Patients, Doctors Must Educate Themselves on the Dangers of Counterfeit Drugs
Global Anti-Counterfeiting Day
05.28.13 | By
Today marks the 15th Global Anti-Counterfeiting Day, and the following guest post was submitted by Marvin Shepherd, Bryan Liang and Thomas Kubic of the Partnership for Safe Medicines (PSM), a leading nonprofit organization fighting against counterfeit drugs.
Today, May 28, may seem like just another workday for most Americans returning to work after the Memorial Day holiday. But for those of us engaged in the fight to protect patients from unsafe or fake medicines, today is rather significant, as it marks the 15th Global Anti-Counterfeiting Day.
When people think of counterfeit products, they tend to think of “victimless” crimes, such as the $2 DVDs or cheap knockoffs of designer watches or sunglasses that can be purchased on street corners in major cities or on websites marketing these phony goods. But the problem of counterfeit medicines is much deeper than that and exposes the world’s patients to major health risks, even death. And while counterfeit drugs are a far greater problem in the developing world, last year’s Avastin incident taught us that although the U.S. has the most secure drug supply chain, we are not immune to criminals who are becoming increasingly more resourceful in trying to get these dangerous products into our borders.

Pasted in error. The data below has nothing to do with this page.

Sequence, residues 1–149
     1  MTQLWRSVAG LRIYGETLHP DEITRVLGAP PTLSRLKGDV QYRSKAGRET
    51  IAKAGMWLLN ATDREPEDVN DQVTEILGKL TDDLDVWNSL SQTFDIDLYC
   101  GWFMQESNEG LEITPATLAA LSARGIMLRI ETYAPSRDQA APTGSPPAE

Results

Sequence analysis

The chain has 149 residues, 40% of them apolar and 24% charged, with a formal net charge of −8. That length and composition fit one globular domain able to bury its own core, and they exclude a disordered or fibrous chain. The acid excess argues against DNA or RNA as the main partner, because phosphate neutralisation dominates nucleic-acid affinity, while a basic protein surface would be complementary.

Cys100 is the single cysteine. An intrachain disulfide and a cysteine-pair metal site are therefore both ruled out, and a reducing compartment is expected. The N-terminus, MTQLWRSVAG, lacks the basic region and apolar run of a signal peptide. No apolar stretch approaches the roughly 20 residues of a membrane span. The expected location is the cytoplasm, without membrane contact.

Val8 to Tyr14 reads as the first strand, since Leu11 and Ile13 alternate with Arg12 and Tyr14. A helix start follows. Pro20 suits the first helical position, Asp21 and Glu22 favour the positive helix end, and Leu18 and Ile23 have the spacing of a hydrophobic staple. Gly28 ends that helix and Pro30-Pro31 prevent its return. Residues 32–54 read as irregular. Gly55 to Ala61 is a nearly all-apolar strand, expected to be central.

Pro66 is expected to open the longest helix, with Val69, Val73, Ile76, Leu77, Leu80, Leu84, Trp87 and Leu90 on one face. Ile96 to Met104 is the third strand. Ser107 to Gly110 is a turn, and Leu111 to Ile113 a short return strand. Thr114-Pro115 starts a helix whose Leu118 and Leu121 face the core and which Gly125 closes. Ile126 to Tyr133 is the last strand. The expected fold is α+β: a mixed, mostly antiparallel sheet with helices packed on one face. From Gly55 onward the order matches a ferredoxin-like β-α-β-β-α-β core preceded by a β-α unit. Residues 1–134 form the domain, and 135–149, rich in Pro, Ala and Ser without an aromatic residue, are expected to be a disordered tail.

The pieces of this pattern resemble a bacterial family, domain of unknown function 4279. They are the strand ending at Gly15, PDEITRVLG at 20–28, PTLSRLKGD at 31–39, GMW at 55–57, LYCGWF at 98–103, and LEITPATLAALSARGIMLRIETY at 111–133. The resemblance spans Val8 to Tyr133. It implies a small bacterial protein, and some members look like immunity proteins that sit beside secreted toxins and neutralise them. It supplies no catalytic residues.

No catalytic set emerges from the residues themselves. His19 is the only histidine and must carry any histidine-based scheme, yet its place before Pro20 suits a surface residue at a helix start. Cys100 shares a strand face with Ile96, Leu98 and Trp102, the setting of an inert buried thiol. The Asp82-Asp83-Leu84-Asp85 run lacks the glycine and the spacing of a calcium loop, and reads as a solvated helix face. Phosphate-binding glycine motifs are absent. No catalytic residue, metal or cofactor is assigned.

The Partnership for Safe Medicines (PSM) is marking World Anti-Counterfeiting Day by launching a new campaign to help patients and doctors avoid counterfeit drugs and the criminals who sell them. As the Avastin case proved, the dangers of counterfeit medicines go beyond consumers purchasing fake drugs from phony overseas pharmacies, as physicians and oncology clinics were duped into buying from illegal distributors and wholesalers.
That’s why we are publishing over 25 common-sense tips for both doctors and patients to help recognize and avoid counterfeit medicines, and take steps to prevent fake drugs from infiltrating our supply chain in the future. We’ve had a lot of success in the past year in fighting this global threat, but there is still much work to be done. Until all American patients, physicians, policymakers and stakeholders understand the health risks associated with counterfeit medicines, we will continue to be vulnerable. On World Anti-Counterfeiting Day, PSM wishes to thank all of our partners who are engaged in this struggle, and pledges to continue our efforts to help one day eradicate counterfeit drugs once and for all.